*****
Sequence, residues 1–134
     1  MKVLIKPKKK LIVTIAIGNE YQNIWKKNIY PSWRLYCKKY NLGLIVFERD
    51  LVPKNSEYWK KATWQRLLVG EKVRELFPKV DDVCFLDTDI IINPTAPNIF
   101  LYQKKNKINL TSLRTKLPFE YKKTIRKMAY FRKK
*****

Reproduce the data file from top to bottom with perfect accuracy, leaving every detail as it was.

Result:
Sequence, residues 1–134
     1  MKVLIKPKKK LIVTIAIGNE YQNIWKKNIY PSWRLYCKKY NLGLIVFERD
    51  LVPKNSEYWK KATWQRLLVG EKVRELFPKV DDVCFLDTDI IINPTAPNIF
   101  LYQKKNKINL TSLRTKLPFE YKKTIRKMAY FRKK